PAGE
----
Climate changes and the continuing drought worry many in California. What new strategies do you believe would ensure that California is able to both satisfy its water needs and protect the environment? Please be specific.
I remember the 1976-77 California drought was called the worst in the state's history. 1976 was the fourth-driest year on record, which give way to 1977 -- the driest year California had experienced in more than 100 years on record. Take a look at some of the similarities between this severe drought and the current one. Officials with California Department of Water Resources note that while cumulative reservoir storage in 1977 – California’s driest year on record – was approximately five million acre-feet less than today, the state’s population has increased dramatically since that time so the state’s water now must serve far more people. And since 1977 what has the state done to deal with this reoccurring problem? The state’s water delivery infrastructure is antiquated and crumbling and we have no real means of rainwater storage.
I would support shifting money from frivolous projects such as the High Speed Rail and putting those funds toward restoring and updating our water delivery system, increasing our water storage capacity and investing in water recycling and desalination technologies.
As far as the environment, I consider myself an environmentalist. However the over-regulation of the environment is hurting our state’s economy. Environmental regulations need to be in place but they also need to make sense. There is a place where the environment and the people can prosper. California farmers are in danger of becoming extinct because they can't get the water they depend on. Add to this the newly signed Environment Regulations which, by attempting to regulate methane produced by cattle, will likely end dairy farms in the state. California is a state with some of the richest natural resources in the country. Our land is ripe for agriculture. Regulations have only enticed people to leave the state. The state needs reduce these regulations and trust the people of California to do the right thing; if we can do this our state will be restored beyond its former glory.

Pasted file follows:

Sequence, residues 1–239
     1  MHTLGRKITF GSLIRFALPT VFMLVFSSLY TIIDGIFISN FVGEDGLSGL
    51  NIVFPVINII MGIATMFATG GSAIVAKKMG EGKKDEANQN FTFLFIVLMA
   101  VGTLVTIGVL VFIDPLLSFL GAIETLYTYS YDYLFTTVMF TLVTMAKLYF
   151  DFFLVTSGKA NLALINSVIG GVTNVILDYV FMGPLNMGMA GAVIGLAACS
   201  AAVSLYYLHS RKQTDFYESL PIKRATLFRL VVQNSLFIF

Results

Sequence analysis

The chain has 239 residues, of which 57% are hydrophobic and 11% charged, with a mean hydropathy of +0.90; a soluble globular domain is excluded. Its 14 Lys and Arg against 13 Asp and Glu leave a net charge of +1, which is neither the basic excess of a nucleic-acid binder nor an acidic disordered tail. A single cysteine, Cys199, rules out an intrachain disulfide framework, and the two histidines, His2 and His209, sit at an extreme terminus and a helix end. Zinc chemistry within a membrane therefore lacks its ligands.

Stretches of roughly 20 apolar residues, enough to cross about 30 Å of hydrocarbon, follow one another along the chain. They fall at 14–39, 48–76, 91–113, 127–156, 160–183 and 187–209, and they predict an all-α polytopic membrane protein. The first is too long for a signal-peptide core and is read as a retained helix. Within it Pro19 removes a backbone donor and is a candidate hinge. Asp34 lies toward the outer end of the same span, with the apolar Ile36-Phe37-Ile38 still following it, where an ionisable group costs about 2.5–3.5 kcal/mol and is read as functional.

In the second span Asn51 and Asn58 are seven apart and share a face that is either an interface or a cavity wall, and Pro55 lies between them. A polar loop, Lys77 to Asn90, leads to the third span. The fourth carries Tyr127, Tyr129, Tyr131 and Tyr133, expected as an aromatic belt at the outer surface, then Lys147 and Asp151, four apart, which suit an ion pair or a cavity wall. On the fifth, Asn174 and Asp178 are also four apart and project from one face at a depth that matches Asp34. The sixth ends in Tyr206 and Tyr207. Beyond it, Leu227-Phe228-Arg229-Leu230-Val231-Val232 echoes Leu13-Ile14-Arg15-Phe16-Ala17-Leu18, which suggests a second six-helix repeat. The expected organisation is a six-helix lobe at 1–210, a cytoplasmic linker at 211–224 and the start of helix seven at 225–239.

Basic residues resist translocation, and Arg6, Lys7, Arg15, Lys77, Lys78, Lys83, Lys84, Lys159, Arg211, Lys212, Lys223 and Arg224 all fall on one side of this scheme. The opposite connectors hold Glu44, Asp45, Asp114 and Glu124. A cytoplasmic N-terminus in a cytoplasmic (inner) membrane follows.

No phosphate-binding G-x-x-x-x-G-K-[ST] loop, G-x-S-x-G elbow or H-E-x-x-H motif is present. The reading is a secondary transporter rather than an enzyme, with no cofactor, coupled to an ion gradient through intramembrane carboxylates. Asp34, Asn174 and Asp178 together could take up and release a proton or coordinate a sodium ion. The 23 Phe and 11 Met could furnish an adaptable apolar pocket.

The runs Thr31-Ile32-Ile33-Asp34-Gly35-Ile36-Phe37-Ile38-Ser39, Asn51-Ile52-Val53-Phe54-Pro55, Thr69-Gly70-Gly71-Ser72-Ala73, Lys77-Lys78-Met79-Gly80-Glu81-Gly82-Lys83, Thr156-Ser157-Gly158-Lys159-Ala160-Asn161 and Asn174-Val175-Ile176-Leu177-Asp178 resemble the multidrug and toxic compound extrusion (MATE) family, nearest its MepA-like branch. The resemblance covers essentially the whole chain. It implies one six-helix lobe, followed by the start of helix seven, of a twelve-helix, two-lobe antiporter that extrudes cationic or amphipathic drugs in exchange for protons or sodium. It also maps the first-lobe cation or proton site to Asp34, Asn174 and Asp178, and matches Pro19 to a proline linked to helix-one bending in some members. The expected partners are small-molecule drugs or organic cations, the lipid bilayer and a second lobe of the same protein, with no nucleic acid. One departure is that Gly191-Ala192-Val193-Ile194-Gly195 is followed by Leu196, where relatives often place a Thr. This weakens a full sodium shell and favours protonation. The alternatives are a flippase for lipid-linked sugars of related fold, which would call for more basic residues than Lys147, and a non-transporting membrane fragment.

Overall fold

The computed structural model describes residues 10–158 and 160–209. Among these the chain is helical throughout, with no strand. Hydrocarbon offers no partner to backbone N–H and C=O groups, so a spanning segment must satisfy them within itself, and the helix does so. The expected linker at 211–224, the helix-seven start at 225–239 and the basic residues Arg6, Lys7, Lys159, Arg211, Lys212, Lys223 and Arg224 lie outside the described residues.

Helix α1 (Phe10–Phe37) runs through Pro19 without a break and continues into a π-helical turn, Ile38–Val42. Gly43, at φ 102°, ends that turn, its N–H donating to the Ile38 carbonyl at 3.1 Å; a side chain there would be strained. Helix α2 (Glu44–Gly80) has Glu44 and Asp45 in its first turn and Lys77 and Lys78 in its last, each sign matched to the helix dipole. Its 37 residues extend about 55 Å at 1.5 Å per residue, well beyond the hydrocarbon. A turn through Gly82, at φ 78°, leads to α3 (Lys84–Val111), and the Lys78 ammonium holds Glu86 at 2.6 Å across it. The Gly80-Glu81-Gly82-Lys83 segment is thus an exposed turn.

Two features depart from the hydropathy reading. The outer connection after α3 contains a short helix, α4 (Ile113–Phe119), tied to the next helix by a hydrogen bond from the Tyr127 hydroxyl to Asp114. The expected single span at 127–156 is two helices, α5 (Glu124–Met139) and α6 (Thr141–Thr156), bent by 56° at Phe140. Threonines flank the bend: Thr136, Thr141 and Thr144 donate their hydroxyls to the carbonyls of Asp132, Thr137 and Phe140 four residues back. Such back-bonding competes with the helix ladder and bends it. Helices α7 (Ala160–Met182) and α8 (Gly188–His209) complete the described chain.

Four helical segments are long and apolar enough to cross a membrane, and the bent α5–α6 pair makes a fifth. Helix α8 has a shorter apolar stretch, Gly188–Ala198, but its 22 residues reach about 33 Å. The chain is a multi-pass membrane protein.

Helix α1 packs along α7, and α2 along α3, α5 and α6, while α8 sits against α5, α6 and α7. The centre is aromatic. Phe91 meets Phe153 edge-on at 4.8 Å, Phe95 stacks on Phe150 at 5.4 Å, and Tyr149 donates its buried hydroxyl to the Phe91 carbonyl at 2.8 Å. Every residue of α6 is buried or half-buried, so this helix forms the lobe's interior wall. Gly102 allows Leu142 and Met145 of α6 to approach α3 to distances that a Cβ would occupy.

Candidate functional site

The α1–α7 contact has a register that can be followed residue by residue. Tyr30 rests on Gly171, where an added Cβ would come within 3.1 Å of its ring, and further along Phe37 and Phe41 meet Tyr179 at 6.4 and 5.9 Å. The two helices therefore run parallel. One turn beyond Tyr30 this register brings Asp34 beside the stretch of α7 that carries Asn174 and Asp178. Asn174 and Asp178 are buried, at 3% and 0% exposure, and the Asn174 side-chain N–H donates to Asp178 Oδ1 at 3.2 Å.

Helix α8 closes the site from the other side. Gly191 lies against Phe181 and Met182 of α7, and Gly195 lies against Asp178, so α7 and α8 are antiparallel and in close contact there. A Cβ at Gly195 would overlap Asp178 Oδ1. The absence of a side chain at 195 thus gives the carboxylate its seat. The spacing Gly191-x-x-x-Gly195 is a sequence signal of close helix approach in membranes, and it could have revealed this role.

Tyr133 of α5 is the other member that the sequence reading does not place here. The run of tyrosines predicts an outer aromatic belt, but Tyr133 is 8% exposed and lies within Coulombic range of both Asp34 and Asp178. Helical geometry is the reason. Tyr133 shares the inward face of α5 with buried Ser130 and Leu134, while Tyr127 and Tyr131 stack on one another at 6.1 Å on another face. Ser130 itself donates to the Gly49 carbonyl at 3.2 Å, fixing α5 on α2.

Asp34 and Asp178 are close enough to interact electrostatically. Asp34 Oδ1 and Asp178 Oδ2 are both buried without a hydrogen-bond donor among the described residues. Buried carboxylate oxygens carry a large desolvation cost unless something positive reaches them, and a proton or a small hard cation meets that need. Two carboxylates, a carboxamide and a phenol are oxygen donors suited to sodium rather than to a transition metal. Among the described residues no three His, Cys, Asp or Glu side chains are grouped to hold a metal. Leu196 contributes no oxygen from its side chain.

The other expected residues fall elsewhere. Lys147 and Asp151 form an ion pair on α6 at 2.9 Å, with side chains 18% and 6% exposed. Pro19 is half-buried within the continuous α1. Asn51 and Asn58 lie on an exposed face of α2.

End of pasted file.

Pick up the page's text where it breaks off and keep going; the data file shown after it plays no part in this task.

Many Californians are concerned about the influence of money in politics. What can the state legislature do to ensure that decision-making by elected officials is not swayed by moneyed interests at the expense of constituents?
There are a variety of proposals to raise California's minimum wage. Many of these proposals face opposition from business groups who are concerned that they would kill jobs. Do you support increasing the minimum wage in California? In your answer please explain your position on the relationship between wages and jobs with specific reference to the situation in your district.
The government should not be involved in wages paid by private business and industry in any fashion. Evidence shows minimum wage increases disproportionally hurt the people they’re supposed to help. The only thing that an increased minimum wage does is insures small businesses will fail and low-income, unskilled workers will have no jobs; in essence it insures a minimum wage of ZERO!